http://greatist.com/health/ultimate-guide-good-posture

Get Moving Monday: Yoga Improves Overall Health

Yoga is fast becoming popular all over the United States.  First developed in India, Yoga incorporates breathing exercises, meditation, and asana or postures that flexes and stretches muscle groups.  Its purpose is to create a sense of awareness, strength and harmony in mind and body. The benefits of yoga provide both instant gratification and lasting transformation. In the fitness world, both are extremely important. Too much time with too few results can be incredibly discouraging, and monotonous routines week after week can lead to stagnation.Yoga can change your physical and mental capacity quickly, while preparing the mind and body for long-term health. At any level of yoga, you’ll probably start to notice benefits soon. In one study, people improved their flexibility by up to 35% after only 8 weeks of yoga.

Yoga is a great way to work on your flexibility and strength. Just about everyone can do it, too — it’s not just for people who can touch their toes or want to meditate. Most yoga studios and local gyms offer yoga classes that are open to all generations and fitness levels. It’s exciting to enter a room full of young teens, athletes, middle-aged moms, older gentlemen and even fitness buffs and body builders. Everyone can feel accepted and included and, unlike other sports or classes that focus on niche clients, yoga tends to have open arms. Whether you like to say “Om” or you can’t stand the word “yogi;” whether you are 92, 53, or even 12, yoga can help you.

Yoga poses work by stretching your muscles. They can help you move better and feel less stiff or tired.  Yoga is not just about working out, it’s about a healthy lifestyle. The practice of yoga allows students to be still in a world consumed with chaos. Peace and tranquility achieved through focused training appeals to everyone. Yoga’s deep breathing and meditation practices help foster an inner shift from to-do lists, kids and spouse’s needs, financial concerns and relational struggles to something a little bit bigger than the issues you face. Yoga helps relieve stress and unclutter the mind, and helps you get more focused.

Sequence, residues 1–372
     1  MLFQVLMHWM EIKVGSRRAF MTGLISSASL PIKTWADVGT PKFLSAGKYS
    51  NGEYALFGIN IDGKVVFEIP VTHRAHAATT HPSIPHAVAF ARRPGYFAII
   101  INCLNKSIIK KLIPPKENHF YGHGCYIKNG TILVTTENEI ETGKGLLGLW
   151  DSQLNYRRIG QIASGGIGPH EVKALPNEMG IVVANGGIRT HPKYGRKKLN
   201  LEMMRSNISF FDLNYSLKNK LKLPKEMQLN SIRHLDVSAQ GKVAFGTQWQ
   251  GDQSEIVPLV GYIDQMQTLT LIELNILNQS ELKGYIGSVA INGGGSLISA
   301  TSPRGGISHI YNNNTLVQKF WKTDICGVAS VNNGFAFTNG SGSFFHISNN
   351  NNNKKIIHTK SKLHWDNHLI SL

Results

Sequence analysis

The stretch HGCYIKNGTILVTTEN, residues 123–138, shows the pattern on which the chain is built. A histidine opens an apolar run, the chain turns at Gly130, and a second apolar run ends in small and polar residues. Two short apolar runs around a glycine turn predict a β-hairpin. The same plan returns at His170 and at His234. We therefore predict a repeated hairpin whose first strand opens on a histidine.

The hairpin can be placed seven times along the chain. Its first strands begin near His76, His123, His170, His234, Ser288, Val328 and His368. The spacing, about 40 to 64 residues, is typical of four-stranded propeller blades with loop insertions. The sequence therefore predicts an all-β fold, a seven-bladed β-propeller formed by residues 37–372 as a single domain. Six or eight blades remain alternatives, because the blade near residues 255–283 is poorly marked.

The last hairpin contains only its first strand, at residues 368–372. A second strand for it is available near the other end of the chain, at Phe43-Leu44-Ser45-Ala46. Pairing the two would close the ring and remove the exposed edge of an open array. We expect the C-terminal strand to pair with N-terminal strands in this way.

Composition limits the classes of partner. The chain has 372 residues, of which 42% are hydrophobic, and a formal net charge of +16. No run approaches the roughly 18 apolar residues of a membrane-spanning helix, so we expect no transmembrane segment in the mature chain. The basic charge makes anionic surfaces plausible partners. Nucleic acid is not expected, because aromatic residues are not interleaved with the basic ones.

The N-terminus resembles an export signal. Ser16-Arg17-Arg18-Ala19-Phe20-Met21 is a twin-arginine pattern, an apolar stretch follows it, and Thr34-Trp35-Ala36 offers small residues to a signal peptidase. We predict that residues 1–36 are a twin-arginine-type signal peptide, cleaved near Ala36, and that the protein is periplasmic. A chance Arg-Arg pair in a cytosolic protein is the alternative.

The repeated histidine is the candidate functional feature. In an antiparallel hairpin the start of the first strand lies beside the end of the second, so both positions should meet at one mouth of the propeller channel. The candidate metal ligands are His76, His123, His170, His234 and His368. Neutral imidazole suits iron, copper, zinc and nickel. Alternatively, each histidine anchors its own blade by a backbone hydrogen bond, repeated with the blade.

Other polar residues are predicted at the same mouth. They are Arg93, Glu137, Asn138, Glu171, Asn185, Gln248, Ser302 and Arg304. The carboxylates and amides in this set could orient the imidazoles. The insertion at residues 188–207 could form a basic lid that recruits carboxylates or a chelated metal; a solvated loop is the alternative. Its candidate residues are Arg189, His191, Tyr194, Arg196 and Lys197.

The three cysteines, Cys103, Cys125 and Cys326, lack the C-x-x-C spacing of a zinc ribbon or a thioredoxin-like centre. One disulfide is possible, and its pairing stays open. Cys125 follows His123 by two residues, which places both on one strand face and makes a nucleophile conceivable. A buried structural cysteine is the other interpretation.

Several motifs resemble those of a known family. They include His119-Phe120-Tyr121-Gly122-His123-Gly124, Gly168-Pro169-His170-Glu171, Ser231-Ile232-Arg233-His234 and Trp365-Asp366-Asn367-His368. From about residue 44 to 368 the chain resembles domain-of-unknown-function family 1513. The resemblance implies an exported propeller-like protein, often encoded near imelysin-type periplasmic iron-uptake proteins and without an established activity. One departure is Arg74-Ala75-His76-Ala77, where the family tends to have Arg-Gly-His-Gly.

One of the benefis of yoga is that you can choose a yoga style that is tailored to your lifestyle, such as hot yoga, power yoga, relaxation yoga, prenatal yoga, etc. Whether you prefer you’re at home, in a private session, at a studio or gym, there are a huge variety of options available to suit your goals and needs.

Some styles of yoga, such as ashtanga and power yoga, are very physical. Practicing one of these styles will help you improve muscle tone. But even less vigorous styles of yoga, such as Iyengar or hatha, can provide strength and endurance benefits. If you are a yoga beginner, Hatha yoga, which focuses on basic postures at a comfortable pace, would be great for you.If you want to increase strength through using more of your own body’s resistance, power yoga may be right for you.If you are ready for a deeper practice, Advanced Yoga, or Bikram, also called “hot yoga,” may be just what you are looking for. In Bikram yoga, the room temperature is set to around 100 degrees Fahrenheit, resulting in greater elimination of toxins from the body through the increased production of sweat. No matter your fitness level, fat percentage, or health history, yoga has a place for you.

Yoga’s focus on strength training and flexibility is an incredible benefit to your body. The postures are meant to strengthen your body from the inside-out, so you don’t just look good, you feel good too. Each of the yoga poses is built to reinforce the muscles around the spine, the very center of your body, which is the core from which everything else operates. When the core is working properly, posture is improved, thus alleviating back, shoulder and neck pain.